Months of vocal opposition from the Hawea community against the development of a Special Housing Area (SHA) will come to a head today (Thursday, December 13) at a Queenstown Lakes District Council meeting where the decision will be made whether to progress the Stakeholder Deed to the Ministry of Housing and Urban Development so that the Hawea (Universal Developments Hawea Limited) expression of interest be established as a SHA.
The purpose of the meeting is to present feedback from the community which is largely opposed to the development. But whether that opposition is convincing enough remains to be seen. Locals aren’t taking it lying down and to boost their voices and ensure they are at maximum volume, the Hawea Community Association is taking a bus load of locals to Queenstown—with placards in hand—to protest the development.
In short, the developer, Lane Hocking of Universal Developments Hawea Limited, submitted an expression of interest (EOI) for a predominantly residential development of approximately 400 sections, plus a ‘community hub’ area centred on an extended Capell Avenue for community and commercial uses. The Hawea EOI proposed fixed pricing for house and land packages between $464,000 and $550,000.
But April Mackenzie, chair of the Hawea Development and Liaison Committee, is deeply skeptical that that level of development is required.
“Lake Hawea does not have a housing crisis; yet Queenstown-based councillors in particular, are acting as if it did,” she said.
“The most recent data from Statistics New Zealand projects population growth for the Hawea area will require 270 new dwellings over the next ten years (the Hawea area includes Luggate and Makarora).” With Timsfield and Sentinel Park already in development, many believe the inclusion of a SHA will dump a glut of unwanted properties onto the local market.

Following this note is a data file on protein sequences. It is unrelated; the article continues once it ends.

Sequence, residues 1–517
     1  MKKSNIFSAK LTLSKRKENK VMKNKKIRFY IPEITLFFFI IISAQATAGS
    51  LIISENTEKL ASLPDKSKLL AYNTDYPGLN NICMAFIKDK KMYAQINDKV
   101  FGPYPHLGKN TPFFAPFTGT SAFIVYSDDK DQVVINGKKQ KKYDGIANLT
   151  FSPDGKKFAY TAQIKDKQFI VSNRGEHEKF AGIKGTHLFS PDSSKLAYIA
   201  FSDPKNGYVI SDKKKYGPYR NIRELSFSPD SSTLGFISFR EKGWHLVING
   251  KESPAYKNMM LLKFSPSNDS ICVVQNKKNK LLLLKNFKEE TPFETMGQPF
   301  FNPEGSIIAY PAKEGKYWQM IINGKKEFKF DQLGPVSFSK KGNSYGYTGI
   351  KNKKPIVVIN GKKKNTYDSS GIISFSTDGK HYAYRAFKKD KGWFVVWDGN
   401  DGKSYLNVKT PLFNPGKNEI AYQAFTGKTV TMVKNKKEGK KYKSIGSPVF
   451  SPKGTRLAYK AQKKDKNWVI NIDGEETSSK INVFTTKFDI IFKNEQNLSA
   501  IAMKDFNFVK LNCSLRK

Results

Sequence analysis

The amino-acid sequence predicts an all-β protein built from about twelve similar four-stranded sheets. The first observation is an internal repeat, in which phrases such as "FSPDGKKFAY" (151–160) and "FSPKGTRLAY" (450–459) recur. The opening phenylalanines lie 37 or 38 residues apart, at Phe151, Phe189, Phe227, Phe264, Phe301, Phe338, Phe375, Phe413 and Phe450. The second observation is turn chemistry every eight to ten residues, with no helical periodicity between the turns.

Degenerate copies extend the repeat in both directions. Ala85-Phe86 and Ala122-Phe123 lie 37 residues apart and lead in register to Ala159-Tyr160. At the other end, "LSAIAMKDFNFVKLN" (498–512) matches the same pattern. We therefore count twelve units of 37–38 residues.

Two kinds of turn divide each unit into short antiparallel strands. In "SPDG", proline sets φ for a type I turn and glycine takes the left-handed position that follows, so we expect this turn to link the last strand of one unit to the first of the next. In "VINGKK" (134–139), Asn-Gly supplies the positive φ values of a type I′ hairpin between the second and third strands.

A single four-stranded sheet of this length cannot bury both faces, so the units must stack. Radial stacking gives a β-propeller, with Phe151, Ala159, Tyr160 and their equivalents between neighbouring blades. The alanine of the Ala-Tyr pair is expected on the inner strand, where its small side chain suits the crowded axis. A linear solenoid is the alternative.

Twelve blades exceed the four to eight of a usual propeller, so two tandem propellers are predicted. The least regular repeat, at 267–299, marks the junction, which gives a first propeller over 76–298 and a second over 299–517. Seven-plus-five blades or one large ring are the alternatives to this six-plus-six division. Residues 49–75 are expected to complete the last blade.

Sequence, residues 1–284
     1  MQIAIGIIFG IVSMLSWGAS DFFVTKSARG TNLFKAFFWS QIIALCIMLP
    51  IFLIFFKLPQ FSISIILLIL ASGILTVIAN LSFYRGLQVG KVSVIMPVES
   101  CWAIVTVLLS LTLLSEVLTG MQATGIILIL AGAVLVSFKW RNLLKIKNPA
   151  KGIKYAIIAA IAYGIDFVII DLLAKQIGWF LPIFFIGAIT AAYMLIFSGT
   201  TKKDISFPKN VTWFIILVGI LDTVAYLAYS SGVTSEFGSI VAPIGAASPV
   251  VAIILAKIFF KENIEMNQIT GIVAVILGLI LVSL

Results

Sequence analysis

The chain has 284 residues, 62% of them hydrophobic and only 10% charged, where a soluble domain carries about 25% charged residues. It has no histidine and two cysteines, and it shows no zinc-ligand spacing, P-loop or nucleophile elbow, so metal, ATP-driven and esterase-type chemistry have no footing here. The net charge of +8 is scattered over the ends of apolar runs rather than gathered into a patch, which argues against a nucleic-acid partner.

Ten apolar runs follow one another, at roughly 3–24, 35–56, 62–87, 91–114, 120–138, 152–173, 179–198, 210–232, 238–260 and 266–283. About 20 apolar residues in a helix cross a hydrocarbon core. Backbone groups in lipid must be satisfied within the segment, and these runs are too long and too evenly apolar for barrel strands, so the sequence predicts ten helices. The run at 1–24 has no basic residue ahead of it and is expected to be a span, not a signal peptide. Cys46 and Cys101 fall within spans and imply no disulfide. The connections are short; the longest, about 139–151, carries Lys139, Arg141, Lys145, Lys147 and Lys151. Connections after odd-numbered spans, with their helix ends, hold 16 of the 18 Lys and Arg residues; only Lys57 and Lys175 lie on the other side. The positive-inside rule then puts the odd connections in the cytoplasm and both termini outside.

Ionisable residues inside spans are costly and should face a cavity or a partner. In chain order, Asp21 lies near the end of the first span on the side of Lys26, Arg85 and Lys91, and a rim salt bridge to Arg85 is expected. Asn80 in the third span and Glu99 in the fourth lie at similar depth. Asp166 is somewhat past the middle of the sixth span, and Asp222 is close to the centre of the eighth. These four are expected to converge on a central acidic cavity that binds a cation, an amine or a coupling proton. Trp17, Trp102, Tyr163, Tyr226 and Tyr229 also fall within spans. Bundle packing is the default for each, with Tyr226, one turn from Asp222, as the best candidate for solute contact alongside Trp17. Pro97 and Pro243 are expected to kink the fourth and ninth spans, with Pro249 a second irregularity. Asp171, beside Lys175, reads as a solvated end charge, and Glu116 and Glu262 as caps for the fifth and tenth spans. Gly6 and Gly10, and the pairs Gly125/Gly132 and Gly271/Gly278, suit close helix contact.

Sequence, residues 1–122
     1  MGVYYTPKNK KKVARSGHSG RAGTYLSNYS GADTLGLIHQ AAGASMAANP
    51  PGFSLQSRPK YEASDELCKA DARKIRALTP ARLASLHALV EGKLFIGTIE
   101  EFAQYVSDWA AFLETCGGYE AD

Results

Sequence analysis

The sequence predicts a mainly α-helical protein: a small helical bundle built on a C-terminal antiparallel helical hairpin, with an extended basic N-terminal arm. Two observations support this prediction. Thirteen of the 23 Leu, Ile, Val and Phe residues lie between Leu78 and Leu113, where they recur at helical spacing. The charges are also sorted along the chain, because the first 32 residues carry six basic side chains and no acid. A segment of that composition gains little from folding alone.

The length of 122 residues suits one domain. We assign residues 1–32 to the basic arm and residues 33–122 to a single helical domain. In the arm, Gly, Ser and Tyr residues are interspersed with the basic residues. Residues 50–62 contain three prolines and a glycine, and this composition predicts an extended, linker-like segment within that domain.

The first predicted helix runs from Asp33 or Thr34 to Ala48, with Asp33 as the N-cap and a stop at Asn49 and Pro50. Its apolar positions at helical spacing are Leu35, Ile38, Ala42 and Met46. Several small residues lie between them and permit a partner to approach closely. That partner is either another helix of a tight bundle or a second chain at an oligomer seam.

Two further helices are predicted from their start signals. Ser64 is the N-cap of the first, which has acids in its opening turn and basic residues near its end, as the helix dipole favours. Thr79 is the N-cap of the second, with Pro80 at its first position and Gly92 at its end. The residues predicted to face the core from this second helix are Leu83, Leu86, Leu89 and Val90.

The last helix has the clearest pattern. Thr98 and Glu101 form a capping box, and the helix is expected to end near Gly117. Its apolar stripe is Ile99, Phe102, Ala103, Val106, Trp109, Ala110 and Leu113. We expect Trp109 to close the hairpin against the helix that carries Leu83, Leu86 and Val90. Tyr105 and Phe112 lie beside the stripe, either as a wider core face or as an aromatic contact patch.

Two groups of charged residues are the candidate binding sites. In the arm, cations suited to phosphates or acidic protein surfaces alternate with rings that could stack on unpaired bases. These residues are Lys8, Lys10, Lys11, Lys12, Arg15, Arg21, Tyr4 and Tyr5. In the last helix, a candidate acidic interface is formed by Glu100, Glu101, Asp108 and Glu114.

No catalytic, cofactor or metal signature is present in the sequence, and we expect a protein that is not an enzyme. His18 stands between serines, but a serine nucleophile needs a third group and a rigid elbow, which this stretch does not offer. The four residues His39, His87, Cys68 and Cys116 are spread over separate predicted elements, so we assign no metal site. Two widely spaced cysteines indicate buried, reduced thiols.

John Langley, who is co-ordinating the protest bus, said he’s remaining optimistic that things could go well although he thinks the council made a faulty step at the beginning when the EOI was approved in principle.
“Approving in principle is casting the die,” he said. “It’s like they approved the whole thing and just needed to sort out the details.”
Aside from sentiment opposed to the SHA, there is a legal hurdle because the SHA zone sits outside the Urban Growth Boundary.
“Council have overturned their own policy,” Langley said. “Streats Development, who have one-acre lots zoned rural-residential on the southern side of Cemetery Road applied to reduce the size of the plots to subdivide and council said no because it’s inappropriate to have smaller lots out there. So it’s ridiculous, that on the same street, they wouldn’t allow that but are allowing 400 houses in a SHA.”
But developer Lane Hocking believes there is a strong demand for the properties and has registered interest from over 300 buyers already.
“We’ve got lots of support from across the district in Wanaka and Hawea and 60 submissions were made in our favour,” he said.
Property value statistics prove that Wanaka’s real estate is one of the fastest growing in New Zealand, pricing many workers out of the market. Having a price-capped SHA that can provide a workforce for the growing region makes good sense to the developer—and at today’s meeting, may make good sense to the council.
“We have left no stone unturned. We have a very good product. So now I’m out on a limb and my reputation is at stake putting this out and saying this SHA is needed.”
Seventy percent of the lots will be house and land packages and the remaining 30 percent will be land only but there will be restrictions that the land can’t be resold for five years unless the buyer puts a house on it. This is to prevent people flipping land for a profit and driving up the price of properties that are specifically supposed to be affordable.
Hocking said he’s worked hard to get more continuity and integration with Hawea. “The community was concerned there will be two competing town hubs so we’ve updated our plan to clearly elaborate that we won’t do a tennis club, bowling club or library so there won’t be any competition with the existing town. But there will be shops and commercial operations of some sort,” he said.
“If all goes well [today], we’d like to break ground early next year.”